Dietary Transition: It's a Wholistic Process Lebanon MO

We become comfortable with our habits, especially the dulling ones, and tragically we accept whatever consequences the unhealthful ones bring. Cooked heavy foods—meat and flour—are very dullling. They literally clog and glue us up, and stifle our brain power. What can help us to loosen the grip on the unhealthful habits?

Nutrition Works, Llc
(417) 849-2332
6800 N 26th St
Ozark, MO
 
Burton Creek Weight Loss Solutions, Llc
(417) 256-2111
805 N Kentucky Ave
West Plains, MO
 
Nutrition Works, Llc
(417) 849-2332
6800 N 26th St
Ozark, MO
 
David William Robinson, MD
(314) 436-5100
Fenton, MO
Specialties
Preventive Medicine, Occupational Medicine, Nutrition
Gender
Male
Education
Medical School: American Univ Of The Caribbean, Sch Of Med, Plymouth, Montserrat
Graduation Year: 1981
Hospital
Hospital: Forest Park Hosp, Saint Louis, Mo

Data Provided by:
Grace Hill Neighborhood Health Center Inc,
(314) 814-8556
100 N Tucker Blvd
Saint Louis, MO
 
Paul Mayo
(636) 207-3087
627 Pinellas Drive
St. Louis, MO
Services
Sports Nutrition
Membership Organizations
International Society of Sports Nutrition

Data Provided by:
Grace Hill Neighborhood Health Center Inc,
(314) 814-8556
100 N Tucker Blvd
Saint Louis, MO
 
Wellness Restoration Centers Of Missouri
(314) 846-8840
6060 Telegraph Rd
Saint Louis, MO
 
Wellness Restoration Centers Of Missouri
(314) 846-8840
6060 Telegraph Rd
Saint Louis, MO
 
K. Shane Neifert, D.C., L.Ac.
(314) 576-1495
12401 Olive Blvd, Suite 202
Creve Coeur, MO
Specialty
Acupressure, Acupuncture, Aromatherapy, Bioidentical Hormones, BioMeridian Testing, Chiropractors, Colon Therapy, Craniosacral Therapy, Detoxification Foot Bath, Distance Healing, EFT / TFT, Energy Healing, Homeopathy, Kinesiology, Massage Therapy, NHRT, Nutrition, Remote Healing, Spinal Decompression , Wellness Centers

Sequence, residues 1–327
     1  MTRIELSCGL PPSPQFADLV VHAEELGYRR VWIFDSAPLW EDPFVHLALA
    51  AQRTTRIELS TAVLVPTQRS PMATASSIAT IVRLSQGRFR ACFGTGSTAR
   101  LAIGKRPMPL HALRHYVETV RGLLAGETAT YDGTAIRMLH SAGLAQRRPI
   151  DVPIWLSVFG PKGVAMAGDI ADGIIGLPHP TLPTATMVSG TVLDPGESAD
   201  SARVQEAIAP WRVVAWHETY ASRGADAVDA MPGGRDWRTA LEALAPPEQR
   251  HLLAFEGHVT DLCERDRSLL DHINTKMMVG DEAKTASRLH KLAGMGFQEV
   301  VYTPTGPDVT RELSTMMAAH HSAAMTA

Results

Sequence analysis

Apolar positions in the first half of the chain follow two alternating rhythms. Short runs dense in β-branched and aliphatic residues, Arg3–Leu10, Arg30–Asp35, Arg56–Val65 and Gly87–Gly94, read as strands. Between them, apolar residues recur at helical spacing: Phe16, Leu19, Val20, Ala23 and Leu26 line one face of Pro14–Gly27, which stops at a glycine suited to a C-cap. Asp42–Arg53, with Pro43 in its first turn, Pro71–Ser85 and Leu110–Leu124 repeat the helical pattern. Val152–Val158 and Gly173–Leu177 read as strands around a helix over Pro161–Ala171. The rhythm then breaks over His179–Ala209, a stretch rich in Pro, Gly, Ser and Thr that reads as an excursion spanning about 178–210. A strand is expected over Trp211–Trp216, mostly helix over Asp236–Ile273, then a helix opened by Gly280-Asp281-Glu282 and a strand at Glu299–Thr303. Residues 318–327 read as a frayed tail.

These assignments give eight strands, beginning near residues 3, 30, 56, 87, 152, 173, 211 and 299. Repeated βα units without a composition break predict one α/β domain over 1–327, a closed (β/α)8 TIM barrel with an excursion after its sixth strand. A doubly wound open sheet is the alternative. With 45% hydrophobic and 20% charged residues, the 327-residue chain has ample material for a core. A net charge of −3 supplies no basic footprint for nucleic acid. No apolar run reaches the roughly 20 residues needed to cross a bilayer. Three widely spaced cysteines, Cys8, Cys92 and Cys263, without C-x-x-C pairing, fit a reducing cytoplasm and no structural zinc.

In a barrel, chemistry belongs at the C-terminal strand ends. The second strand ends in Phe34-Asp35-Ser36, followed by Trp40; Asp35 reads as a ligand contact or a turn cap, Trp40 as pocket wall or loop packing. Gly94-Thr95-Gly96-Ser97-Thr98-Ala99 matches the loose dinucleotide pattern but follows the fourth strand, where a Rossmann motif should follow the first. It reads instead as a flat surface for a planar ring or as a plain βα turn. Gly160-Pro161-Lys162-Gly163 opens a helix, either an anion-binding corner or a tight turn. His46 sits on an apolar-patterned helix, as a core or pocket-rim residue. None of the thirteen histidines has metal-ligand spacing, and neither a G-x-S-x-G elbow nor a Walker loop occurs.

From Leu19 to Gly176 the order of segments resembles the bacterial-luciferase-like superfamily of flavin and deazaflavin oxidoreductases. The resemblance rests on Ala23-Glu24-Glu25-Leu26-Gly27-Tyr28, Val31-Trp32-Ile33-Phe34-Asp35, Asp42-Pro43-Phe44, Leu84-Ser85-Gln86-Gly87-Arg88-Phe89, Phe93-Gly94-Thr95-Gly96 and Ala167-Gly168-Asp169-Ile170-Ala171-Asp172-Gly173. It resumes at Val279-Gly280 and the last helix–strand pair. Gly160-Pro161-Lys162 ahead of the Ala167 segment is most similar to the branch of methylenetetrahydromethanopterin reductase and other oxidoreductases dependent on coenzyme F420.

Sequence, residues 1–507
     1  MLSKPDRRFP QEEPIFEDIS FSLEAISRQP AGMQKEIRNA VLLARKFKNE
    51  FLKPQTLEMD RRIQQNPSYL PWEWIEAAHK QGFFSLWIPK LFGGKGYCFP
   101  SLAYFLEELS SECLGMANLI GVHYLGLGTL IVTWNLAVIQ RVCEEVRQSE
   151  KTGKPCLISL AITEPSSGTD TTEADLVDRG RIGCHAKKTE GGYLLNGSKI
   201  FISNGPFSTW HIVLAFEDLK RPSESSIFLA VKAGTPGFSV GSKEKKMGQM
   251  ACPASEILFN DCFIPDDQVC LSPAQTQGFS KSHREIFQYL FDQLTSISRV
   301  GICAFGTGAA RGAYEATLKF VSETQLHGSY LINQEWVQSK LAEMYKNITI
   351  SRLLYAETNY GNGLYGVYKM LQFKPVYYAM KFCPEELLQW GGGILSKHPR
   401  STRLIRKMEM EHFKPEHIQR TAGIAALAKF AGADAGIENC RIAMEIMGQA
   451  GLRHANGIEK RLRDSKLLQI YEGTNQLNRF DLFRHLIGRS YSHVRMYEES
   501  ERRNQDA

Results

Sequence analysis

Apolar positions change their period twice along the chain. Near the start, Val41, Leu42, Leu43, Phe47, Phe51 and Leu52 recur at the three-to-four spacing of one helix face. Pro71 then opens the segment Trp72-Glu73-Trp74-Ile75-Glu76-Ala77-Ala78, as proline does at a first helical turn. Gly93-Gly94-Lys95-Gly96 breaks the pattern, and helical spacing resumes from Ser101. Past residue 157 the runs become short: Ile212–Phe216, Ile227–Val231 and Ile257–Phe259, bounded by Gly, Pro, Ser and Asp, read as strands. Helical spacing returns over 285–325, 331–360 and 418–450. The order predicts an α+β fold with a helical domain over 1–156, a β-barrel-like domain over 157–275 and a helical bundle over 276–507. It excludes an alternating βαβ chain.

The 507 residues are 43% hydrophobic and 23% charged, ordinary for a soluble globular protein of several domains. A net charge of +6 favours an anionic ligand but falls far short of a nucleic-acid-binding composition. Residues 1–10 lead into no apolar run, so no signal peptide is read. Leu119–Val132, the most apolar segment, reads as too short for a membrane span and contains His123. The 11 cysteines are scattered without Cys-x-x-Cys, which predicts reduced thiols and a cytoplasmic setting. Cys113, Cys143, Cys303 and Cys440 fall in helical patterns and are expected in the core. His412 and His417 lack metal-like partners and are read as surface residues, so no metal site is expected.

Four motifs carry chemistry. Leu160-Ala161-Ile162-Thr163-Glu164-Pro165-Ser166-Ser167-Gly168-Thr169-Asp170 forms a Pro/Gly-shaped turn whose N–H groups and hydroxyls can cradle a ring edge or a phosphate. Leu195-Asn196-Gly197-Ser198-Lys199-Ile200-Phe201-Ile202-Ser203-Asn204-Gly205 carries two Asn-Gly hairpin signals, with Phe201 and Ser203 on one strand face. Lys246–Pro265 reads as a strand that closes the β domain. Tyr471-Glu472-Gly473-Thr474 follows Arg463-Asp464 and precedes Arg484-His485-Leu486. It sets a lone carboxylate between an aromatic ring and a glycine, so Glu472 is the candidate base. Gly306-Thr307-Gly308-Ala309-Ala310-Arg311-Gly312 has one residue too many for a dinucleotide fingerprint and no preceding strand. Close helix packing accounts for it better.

Associated Hospitals
St. Louis Spine & Health Center

Data Provided by:

Dietary Transition: It's a Wholistic Process

by David Klein, Ph.D.

From Living Nutrition vol. 1

People commonly associate their lifestyle habits with their selves; they hold the idea that their identity is the sum of their daily routine, and the thought of exploring new experiences outside of their norm is discomforting. “I’m not going to stop eating meat (or bean and cheese burrios at Taco Bell). I could never change myself, and I don’t want to.” In the face of all the truthful dietary information which is lately beginning to come out, what is it that still holds people back from making changes, even if deep down inside they’d really like to?

I believe the key here is comfort. We become comfortable with our habits, especially the dulling ones, and tragically we accept whatever consequences the unhealthful ones bring. Cooked heavy foods—meat and flour—are very dullling. They literally clog and glue us up, and stifle our brain power. What can help us to loosen the grip on the unhealthful habits?

The most effective concept to make real is, we are not our habits. I read that in 1986 in Tony Robbins’ book Unlimited Power. Tony’s book teaches us how to become the master of our destiny (rather than a prisoner of our past habits and thoughts, or our personality) by applying the science of Neuro-linguistic Programming, which was developed by John Bandler and Richad Grinder in the early 1980s.

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